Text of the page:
Heinrich Kley’s “Road Rage”


The sketch above, “Gasoline Stallion,” which these days might be renamed “Road Rage,” is one of my favorites by Heinrich Kley (1863-1945), the German illustrator. It was probably drawn early in the 20th century, when automobiles were beginning to overtake horses as primary transportation. In Kley’s illustration, a car that has some of the features of a horse lashes out at another car. Today we have too many cars, and the result is road rage. We rarely see such excellent free-hand drawings these day.

You can type “Heinrich Kley” into Google and see more of his work, which is often far too dark to warrant publication in a happy blog like this. For example, there is a man raping a church (anyway, that’s my interpretation). Even I don’t dare run that here! But I offer some tamer drawings by Kley.

Kley’s brief write-up on Wikipedia notes: “Cartoonist Joe Grant was well aware of Kley’s work and introduced his drawings to Walt Disney, who built an extensive private collection. A number of early Disney productions, notably Fantasia, reveal Kley’s inspiration. Due to Disney’s interest and reprints by Dover Publications, Kley is still known in the USA, while he is nowadays little regarded in Germany.”

According to thescreamonline.com, Kley also did “architectural paintings of building exteriors in Old Munich, Nuremberg, Bruchsal, Dresden, the harbor, Paris, Ostende, and the island of Helgoland in the North Sea,” though very few of these works appear in Google’s selection.

Thanks to Rob Steuteville, who sent out a call for cartoons and other illustrations for a new feature for The Public Square, which he edits for the Congress for the New Urbanism. Under the headline “Got a minute?” he wrote: “Every Friday on Public Square we will publish something brief and thought-provoking, like a cartoon, drawing, photograph, or slide, with a brief explanation. We are happy to get submissions for these.” I thank Rob for inspiring me to revisit Kley’s work. Maybe some of it will appear in The Public Square. Meanwhile, here are some that probably won’t:






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About David Brussat

This blog was begun in 2009 as a feature of the Providence Journal, where I was on the editorial board and wrote a weekly column of architecture criticism for three decades. Architecture Here and There fights the style wars for classical architecture and against modern architecture, no holds barred. History Press asked me to write and in August 2017 published my first book, "Lost Providence." I am now writing my second book. My freelance writing on architecture and other topics addresses issues of design and culture locally and globally. I am a member of the board of the New England chapter of the Institute of Classical Architecture & Art, which bestowed an Arthur Ross Award on me in 2002. I work from Providence, R.I., where I live with my wife Victoria, my son Billy and our cat Gato. If you would like to employ my writing and editing to improve your work, please email me at my consultancy, dbrussat@gmail.com, or call 401.351.0457. Testimonial: "Your work is so wonderful - you now enter my mind and write what I would have written." - Nikos Salingaros, mathematician at the University of Texas, architectural theorist and author of many books.
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7 Responses to Heinrich Kley’s “Road Rage”

  1. Pingback: Heinrich Kley book trailers! | Architecture Here and There

  2. Joe Procopio says:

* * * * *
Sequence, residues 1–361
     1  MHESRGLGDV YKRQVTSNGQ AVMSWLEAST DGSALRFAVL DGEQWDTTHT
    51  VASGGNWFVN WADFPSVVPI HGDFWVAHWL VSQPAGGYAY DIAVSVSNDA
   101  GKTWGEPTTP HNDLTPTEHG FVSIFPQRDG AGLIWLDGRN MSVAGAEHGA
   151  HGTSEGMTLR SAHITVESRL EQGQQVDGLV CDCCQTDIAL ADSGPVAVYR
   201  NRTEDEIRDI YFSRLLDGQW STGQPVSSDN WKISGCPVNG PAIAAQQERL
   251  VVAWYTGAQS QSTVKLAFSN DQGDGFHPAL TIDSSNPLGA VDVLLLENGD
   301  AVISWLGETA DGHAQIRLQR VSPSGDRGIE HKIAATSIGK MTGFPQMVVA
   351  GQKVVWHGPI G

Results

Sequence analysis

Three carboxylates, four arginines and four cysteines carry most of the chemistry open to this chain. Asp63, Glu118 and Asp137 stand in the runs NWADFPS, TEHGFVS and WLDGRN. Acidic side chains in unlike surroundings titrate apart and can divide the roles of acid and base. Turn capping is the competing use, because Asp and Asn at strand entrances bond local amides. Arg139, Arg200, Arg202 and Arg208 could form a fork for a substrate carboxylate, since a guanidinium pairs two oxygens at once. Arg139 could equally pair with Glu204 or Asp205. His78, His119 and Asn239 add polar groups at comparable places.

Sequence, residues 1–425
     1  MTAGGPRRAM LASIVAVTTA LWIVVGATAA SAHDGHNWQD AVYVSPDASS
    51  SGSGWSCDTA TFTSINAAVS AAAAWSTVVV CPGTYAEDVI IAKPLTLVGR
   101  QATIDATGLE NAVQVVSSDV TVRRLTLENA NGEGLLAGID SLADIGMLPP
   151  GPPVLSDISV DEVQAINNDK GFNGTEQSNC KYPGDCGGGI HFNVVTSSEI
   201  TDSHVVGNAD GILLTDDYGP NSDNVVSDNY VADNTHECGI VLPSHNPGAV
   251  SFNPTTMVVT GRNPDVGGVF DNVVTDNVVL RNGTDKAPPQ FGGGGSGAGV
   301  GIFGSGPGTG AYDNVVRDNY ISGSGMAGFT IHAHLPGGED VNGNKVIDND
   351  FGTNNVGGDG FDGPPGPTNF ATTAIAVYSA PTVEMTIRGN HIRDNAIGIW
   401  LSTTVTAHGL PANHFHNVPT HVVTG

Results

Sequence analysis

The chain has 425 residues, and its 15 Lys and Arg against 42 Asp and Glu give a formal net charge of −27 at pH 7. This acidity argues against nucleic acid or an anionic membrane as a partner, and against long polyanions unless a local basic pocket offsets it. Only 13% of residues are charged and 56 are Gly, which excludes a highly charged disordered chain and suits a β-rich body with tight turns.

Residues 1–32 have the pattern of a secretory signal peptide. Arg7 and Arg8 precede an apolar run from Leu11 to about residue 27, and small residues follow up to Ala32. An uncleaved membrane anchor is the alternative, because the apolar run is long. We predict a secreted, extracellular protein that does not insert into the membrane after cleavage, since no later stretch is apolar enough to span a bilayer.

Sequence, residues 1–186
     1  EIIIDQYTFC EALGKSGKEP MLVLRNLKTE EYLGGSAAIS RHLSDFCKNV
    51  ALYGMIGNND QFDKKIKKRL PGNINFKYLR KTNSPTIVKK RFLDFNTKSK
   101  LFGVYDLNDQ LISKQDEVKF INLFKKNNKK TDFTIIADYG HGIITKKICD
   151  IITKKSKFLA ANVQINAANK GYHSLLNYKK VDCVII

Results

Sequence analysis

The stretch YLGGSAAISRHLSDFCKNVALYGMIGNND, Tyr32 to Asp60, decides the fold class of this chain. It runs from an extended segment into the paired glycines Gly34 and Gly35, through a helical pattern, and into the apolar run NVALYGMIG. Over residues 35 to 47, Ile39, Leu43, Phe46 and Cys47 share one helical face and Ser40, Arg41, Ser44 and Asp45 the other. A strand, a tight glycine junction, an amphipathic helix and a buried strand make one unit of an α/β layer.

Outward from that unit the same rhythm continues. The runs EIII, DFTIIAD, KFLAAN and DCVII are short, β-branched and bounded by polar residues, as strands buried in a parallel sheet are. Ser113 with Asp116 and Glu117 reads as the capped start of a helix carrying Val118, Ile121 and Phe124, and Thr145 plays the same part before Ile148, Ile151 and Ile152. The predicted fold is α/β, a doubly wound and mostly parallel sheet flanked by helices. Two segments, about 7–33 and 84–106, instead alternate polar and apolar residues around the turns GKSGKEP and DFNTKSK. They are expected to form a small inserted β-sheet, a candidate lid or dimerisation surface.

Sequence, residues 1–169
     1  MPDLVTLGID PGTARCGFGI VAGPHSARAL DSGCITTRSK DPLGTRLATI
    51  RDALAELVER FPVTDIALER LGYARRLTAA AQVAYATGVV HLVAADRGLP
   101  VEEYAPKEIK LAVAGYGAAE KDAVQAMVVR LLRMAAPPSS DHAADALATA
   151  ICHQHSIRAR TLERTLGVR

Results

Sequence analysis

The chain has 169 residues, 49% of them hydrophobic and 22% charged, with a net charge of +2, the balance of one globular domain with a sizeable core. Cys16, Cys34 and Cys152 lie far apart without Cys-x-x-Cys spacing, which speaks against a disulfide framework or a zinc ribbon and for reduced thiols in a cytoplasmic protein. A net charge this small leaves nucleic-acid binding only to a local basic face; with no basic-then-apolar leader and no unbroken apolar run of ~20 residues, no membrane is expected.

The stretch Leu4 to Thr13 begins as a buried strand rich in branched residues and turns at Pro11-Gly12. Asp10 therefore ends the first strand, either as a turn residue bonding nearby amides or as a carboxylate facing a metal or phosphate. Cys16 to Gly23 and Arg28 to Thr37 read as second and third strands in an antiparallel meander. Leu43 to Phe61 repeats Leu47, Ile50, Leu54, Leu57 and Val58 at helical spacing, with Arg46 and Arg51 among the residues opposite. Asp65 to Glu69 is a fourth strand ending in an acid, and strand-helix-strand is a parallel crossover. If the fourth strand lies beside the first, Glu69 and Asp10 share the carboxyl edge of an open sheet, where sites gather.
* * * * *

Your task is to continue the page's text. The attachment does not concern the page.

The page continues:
Great approach to examining Kley’s work. For those interested, much more about Kley’s life and work can be found in my two books devoted to him, “The Lost Art of Heinrich Kley, Vols. 1 & 2” (from which I think a couple of these images were originally scanned).



    • Joe, thanks for your reply. Do you have, by any chance in your books, the one of a lady alligator carrying a parasol and crossing the street, only to discover that her tail has been cut off by a passing automobile? That was not among the many on the Internet. I will look up and possibly purchase your set, since my Dover set is trapped back in the clip-art archives of the Journal.


      • Joe Procopio says:

        I’m not sure, David. There are over 450 images in our books, and it gets hard to keep track (I’m at work and don’t have easy access to them at the moment). I will say that if that image appeared in your Dover set, then it likely is not in my volumes. There is intentionally almost no overlap between what’s in the “Lost Art of Heinrich Kley” and what can be found in the Dover books.


        • That’s interesting, Joe – no overlap! Excellent! Can you characterize how the selection in your set differs from that in the Dover set? I am mainly familiar with his dark and/or sensual sketches. When I was growing up, my father framed three more or less sensual Kleys and hung them in my parents’ bathroom. He gave me the Dover set, or at least I took it after he died, and have loved Kley deeply for a long time. Since I write about architecture I’d love to see some of the buildings I mentioned in my post. Are any of these in your set?


      • Lloyd says:

        I have that image for free if you will tell me where to send it. Since I have the original book, it is in there and I am able to scan and email. To where? so you must reply to me at – Lspider2@msn.com
        65 old man am I – lol


        • I have that book, too, but it is imprisoned in the editorial archives of the Providence Journal, where I was the first page designer (a duty in addition to writing my column and unsigned editorial) to use copyright-free images from great historical artists to illustrate oped pieces. It was rare that I could use a Kley because he is so dark, but I found a way on occasion. Unfortunately, when they laid me off I forgot to take those two books.


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